WHEN the Spanish property developer Aifos went bust, hundreds of Britons lost an enormous amount of money, money they had sunk as deposits into Spanish properties that were never built.
Some experts put the total figure lost when these developers were swept away as being in the billions. A ruling by Spain’s Supreme Court in 2015 means some people who lost their part in that huge total will get some of their money back. But it won’t be everyone.
Mark Stücklin who has been running the website Spanish Property Insight since 2004, says: “It was a crazy time, a time of irrational exuberance. “There was some pretty unedifying behaviour by some operators in the market.”
That ‘behaviour’ meant a lot of people were lured in and when the developers went bust thousands of property sites all over Spain were left unfinished or unstarted. The landscape is still littered with them although Spain’s fledgling economic recovery means there will be fewer and fewer of these white elephants in the years to come.
In a fightback for the consumer, the Supreme Court ruled the banks must take their share of the blame.
Where they had failed to check that the appropriate consumer protection laws were in place and had failed to ensure the fine print included guarantees to return the payments in case of a breach, then the banks must pay out.
But Stücklin cautions against too much optimism.
“It’s not like the PPI scandal in the UK where once it had been agreed this had taken place the banks set aside billions.
“The banks here are likely to fight every step of the way. People should be thinking in terms of years in some cases to get any money back.”
Exactly how much people will get back will depend on a number of factors, some of them very legalistic indeed.
For instance, you have to have cancelled your contract before what’s known as a Licence of First Occupation (LFO) was obtained by the developers.
If you didn’t “it is almost guaranteed the judge will rule against you,” said Stücklin.
GILLIAN SHACKSHAFT: Pictured centre with husband David and daughter Rebecca.
For Gillian Shackshaft and her husband David who live in Doncaster, the demise of their developer in 2006 spelled financial disaster for the family. They had set their hearts on a country club property near Mojacar and sank £30,000 (€34,600) into the venture. “It sounded perfect but it was too good to be true,” she said. “That £30,000 was our life savings. It wiped us out. We were on the breadline for a while. “David had a heart attack and ended up having a triple bypass. It was the stress.”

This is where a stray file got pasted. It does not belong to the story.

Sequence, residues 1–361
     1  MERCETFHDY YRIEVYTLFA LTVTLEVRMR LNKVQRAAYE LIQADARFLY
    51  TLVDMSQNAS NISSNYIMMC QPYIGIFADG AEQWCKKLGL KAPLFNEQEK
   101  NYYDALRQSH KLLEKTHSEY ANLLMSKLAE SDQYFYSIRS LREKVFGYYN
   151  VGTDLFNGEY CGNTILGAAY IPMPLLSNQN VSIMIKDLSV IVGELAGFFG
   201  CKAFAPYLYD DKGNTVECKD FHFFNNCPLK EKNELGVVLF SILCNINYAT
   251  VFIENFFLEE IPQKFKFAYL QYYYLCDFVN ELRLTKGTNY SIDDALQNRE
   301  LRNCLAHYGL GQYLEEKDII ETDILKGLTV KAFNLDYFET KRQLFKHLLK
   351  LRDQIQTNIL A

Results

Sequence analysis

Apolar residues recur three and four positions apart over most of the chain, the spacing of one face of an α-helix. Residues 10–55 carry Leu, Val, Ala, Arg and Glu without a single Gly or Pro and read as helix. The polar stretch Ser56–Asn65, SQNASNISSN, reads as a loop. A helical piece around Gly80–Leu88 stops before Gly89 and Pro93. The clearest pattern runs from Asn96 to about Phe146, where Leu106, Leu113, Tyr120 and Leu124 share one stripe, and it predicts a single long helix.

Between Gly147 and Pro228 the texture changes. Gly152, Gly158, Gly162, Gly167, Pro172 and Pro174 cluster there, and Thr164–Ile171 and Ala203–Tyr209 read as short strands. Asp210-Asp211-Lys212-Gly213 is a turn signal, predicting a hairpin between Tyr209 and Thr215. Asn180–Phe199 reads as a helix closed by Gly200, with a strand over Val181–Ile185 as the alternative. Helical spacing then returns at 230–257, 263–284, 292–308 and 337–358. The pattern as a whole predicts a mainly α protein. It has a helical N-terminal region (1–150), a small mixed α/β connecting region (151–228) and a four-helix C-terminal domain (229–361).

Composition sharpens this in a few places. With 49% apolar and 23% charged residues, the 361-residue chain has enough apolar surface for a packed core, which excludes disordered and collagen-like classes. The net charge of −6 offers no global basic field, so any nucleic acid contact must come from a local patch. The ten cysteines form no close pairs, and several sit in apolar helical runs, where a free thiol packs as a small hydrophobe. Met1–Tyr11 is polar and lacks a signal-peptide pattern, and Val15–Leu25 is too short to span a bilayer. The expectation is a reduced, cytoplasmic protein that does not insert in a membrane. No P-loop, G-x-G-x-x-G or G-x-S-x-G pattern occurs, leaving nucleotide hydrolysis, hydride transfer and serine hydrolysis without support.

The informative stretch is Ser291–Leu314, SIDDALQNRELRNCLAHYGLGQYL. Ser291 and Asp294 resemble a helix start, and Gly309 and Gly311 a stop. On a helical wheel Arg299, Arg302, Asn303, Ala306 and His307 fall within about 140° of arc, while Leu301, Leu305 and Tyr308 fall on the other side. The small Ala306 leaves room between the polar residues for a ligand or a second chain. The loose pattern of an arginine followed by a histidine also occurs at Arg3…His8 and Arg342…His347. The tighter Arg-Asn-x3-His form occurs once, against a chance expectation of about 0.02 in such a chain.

Their lawyers, Fuster & Associates, have so far been able to recover two payments, one of £12,000 (€13,800) and another of £14,000 (€16,100), from the bank who handled the financing. But the court costs are still outstanding. “We thought it was all gone,” said Gillian. “We thought it was all lost. It makes me angry sometimes to think the developers haven’t had to give anything back. They went bankrupt and just walked away from it all.”
Their lawyer David Fuster says: “It is extremely important to choose an experienced team of Spanish lawyers to take on your case as there is just one chance to claim.”
He accepts though that many people will be reluctant to start “proceedings within a legal system that in some cases has already failed them.”
After the Shackshaft family victory comes the inevitable thought: has enough been done to stop this happening again?
“A lot of people were naïve,” said Stücklin. “Nobody expected such a massive crisis. Some developers were taking advantage and wildly overpromising.”
But, he adds: “It’s quite a safe market now. The court ruling means the banks can stop unscrupulous operators from entering the market because they can’t get access to finance.”
For Gillian Shackshaft her advice to anyone else contemplating legal action to get back their lost deposits, is simple.
“Never give in. It took us 10 years but you have to keep fighting.”